Sentiment on the part of small business owners declined in August and based on the steep drop in interest rates and escalation of the trade war with China, you can’t really blame business owners for becoming more cautious.  Overall, the main index of sentiment dropped from 104.7 down to 103.1, which was 0.4 points lower than the 103.5 consensus expectation.  In the commentary of the report, the NFIB noted that “in terms of real economic activity, August was a very good month,” and went on to say that “the decline in the index was driven by weakened expectations for the future.”  One line that stood out from this month’s report was the statement that “Pessimism is contagious, even when the real economy is doing well, expectations can be infected and turn sour. Those rooting for a recession are having a psychological impact in spite of a strong Main Street economy.”  While the statement isn’t entirely inaccurate, we would note that the escalation of tariffs and rhetoric from the President certainly hasn’t helped either.

Looking at the chart below, it has now been a full year since the NFIB Small Business Index made its peak for the cycle.  While it isn’t far from that level now, it has shown signs of rolling over in the last few months.  If the lows from January are breached, depending on your political perspective, that would suggest that either it’s more than just news headlines driving down sentiment or that the headlines actually won out.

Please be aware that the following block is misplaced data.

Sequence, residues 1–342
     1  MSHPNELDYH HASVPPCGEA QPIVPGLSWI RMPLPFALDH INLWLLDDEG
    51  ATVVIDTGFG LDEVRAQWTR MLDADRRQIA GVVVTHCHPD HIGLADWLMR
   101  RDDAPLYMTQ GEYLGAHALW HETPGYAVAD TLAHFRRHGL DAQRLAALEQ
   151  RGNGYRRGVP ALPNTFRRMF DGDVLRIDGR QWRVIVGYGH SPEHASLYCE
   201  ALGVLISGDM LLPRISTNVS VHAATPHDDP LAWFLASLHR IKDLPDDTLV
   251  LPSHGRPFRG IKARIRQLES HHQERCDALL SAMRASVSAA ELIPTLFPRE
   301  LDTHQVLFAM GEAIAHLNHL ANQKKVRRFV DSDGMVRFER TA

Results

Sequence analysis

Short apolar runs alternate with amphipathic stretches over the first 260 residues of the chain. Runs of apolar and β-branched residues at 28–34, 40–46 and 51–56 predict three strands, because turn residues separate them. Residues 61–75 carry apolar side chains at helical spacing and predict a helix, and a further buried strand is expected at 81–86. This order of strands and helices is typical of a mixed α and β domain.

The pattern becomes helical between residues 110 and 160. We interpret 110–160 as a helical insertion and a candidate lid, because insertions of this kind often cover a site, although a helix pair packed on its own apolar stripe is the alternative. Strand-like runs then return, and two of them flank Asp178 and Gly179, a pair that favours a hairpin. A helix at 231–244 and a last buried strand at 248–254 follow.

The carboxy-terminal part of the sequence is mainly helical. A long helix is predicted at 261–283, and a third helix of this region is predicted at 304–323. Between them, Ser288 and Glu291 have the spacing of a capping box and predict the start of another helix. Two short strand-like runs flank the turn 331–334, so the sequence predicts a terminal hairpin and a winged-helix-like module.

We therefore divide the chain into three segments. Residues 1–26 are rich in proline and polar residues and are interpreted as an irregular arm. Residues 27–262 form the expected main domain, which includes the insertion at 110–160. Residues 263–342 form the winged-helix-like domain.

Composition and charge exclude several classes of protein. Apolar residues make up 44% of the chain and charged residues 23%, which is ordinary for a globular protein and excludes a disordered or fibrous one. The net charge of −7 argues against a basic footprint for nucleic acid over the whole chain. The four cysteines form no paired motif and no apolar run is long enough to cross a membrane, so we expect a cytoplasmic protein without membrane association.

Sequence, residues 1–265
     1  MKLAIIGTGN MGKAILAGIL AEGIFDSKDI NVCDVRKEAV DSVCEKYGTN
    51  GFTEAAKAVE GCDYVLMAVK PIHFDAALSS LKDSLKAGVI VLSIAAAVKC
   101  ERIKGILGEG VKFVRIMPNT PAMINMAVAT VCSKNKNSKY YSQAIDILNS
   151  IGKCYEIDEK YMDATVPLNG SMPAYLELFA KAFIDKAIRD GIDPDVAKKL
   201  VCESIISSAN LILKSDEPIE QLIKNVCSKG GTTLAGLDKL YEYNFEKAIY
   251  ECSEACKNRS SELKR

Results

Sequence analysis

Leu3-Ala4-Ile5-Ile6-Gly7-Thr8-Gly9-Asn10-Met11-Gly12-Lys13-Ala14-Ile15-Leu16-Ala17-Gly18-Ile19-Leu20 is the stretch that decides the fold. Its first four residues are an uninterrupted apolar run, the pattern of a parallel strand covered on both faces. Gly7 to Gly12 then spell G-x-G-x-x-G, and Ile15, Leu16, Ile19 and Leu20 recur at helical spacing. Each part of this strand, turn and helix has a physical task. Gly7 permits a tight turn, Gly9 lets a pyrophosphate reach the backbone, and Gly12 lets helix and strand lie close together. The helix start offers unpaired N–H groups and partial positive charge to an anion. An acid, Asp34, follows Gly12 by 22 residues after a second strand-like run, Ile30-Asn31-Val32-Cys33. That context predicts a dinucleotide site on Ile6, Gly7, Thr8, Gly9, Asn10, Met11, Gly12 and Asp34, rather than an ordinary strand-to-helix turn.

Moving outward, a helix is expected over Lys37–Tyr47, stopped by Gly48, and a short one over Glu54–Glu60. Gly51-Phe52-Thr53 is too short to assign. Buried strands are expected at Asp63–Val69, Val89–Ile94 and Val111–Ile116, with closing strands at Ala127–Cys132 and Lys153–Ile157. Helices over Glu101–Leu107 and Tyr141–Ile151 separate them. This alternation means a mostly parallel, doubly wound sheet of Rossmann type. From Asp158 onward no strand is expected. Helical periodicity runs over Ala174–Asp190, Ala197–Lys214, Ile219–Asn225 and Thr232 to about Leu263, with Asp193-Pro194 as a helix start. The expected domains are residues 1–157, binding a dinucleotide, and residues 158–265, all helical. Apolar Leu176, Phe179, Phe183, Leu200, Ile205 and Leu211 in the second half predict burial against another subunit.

In terms of the biggest problems facing small business owners, Labor Quality remains at the top of the list, rising from 26% to 27%. Behind Labor Quality, Taxes and Red Tape are tied for second at 14% each.  It wasn’t that long ago that these two problems topped the list and together totaled over 40%.  Today, on a combined basis the two would barely top Labor Quality as the biggest problem.  In last week’s ISM reports, we noted that the ISM Commodities surveys were increasingly showing fewer and fewer commodities rising in price.  Today, that sentiment of benign inflation was further illustrated by the fact that only 1% of small business owners see Inflation as their most important problem.

As mentioned above, Labor Quality remains the most important problem for small business owners these days, and in the entire history of the survey, it has never been a bigger problem.  At 27%, the level is now comfortably above the 24% peak reached in 2000.  While it only seems logical that labor costs would rise as Labor Quality becomes a bigger problem, to this point we have yet to see that play out as only 9% of small business owners noted wage costs as their most important problem. Start a two-week free trial to Bespoke Institutional to access our unparalleled research and interactive tools.

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